Congress is moving to extend a tax credit for home buyers, but the move is no cure-all for a troubled housing market.
Economists say the $8,000 credit for first-time buyers, enacted earlier this year, has exerted some upward pressure on home prices and revved up the pace of sales.
At best, however, it’s just part of the fix for housing.
On Wednesday, key members of the US Senate agreed to extend the existing tax credit for first-time home buyers and offer a smaller credit to repeat buyers who have owned homes for at least five years. The measure, backed by Senate Majority Leader Harry Reid (D) of Nevada, would offer the credit through next April.
Leaders in the House of Representatives have also said they support extending the credit, which may cost about $10 billion.
Congress is moving at a time when the housing market has been showing tentative signs of stabilization, but also amid worries that demand for homes will cool when the current tax credit expires at the end of November.
Supporters say extending the credit will bolster demand and further stabilize home prices after a historic drop. But critics want to see the housing market find a genuine equilibrium, not one with prices propped up by taxpayers.
"Home sales have picked up this year. Why? ... The biggest stimulus to home sales this year has been the drop in the prices of these homes," argues economist Paul Kasriel in a written report for the financial firm Northern Trust Co. in Chicago.
He sees the tax credit as "gimmicky" compared with the role that affordable prices have played in reviving buyer demand. In addition to home prices, key factors affecting real estate will be mortgage interest rates and the health of the job market.
Similarly, finance experts Simon Johnson and James Kwak argued this week in the Washington Post that the credit's main impact is to push up home prices by about $8,000 – something of dubious economic benefit to anyone but the home seller in their view.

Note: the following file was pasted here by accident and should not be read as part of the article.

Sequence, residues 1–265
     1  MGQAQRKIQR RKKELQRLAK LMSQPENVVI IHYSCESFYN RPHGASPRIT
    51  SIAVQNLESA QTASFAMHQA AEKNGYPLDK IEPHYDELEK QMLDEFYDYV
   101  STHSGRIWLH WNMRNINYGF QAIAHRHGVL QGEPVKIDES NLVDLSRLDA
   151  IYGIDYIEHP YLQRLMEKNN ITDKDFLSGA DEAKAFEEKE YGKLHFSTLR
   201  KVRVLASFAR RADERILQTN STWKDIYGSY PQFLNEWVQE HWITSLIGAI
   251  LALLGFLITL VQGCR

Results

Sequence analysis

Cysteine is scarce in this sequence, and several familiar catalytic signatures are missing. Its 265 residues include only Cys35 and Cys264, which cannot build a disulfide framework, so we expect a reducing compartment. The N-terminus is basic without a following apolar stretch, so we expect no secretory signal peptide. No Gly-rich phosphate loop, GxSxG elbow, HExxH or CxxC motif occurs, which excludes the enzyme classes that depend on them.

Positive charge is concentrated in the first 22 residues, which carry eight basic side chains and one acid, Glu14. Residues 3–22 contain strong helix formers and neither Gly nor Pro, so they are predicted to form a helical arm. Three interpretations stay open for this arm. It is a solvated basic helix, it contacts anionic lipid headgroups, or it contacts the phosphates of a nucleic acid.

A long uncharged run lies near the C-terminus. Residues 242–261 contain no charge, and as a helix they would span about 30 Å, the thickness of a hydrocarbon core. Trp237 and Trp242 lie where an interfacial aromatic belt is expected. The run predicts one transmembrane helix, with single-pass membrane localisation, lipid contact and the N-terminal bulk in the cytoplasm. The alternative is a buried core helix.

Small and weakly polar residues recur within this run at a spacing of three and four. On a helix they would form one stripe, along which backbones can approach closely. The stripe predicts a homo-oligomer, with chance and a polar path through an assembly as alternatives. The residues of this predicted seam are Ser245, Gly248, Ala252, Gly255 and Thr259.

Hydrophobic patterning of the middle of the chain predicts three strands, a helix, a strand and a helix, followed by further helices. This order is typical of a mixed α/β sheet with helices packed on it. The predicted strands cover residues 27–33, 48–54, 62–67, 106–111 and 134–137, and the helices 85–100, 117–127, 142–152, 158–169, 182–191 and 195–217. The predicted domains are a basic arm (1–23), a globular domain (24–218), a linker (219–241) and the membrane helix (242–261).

Economists generally agree the tax credit is not the biggest reason for some recent stabilization in the housing market. But backers of the credit say it has stimulated a significant amount of demand at a bad time. Early this year, many potential buyers and sellers felt as if there was no bottom in sight for home prices. Many were waiting to see how low prices would go.
Now, even some housing experts who supported the original tax credit in February say it can be allowed to expire without damaging the market. Others, including the real estate industry, want to see it extended to buoy a nascent recovery.
Supporters have the legislative momentum, despite public concerns about the rising cost of government stimulus programs.
An estimated 40 percent of homes sold this year have gone to first-time buyers, Patrick Newport, an economist at IHS Global Insight in Lexington, Mass., told a congressional panel this month. But 10 percent of all sales have gone to first-time buyers who would not have bought without the tax credit.
"The main effect of the tax credit is to shift demand from 2010 into 2009," Mr. Newport said. "Once the tax credit expires, demand will take a hit.... Our view is that home prices will drop another 5 percent from current levels, hitting bottom in 2010."
He took no position on whether the tax credit should be extended or not.
Mr. Johnson and Mr. Kwak hold that the tax credit is essentially a subsidy for people selling homes. It lets people pay about $8,000 more for something they want to buy anyway. That $8,000 represents about 5 percent price boost for the median home in America right now.
"Housing is something that all people need," they write. "Why do we want it to be expensive?"
Of course, homes are also a source of wealth for homeowners, and collateral that banks rely on if they have to foreclose on a mortgage loan. By helping to push up home prices, the tax credit is arguably propping up confidence in the wider economy.
The debate over tax credits echoes another federal stimulus program that was also extended temporarily, the "cash for clunkers" incentive for car buyers. A report this week finds that program has similar shortcomings as the housing credit.
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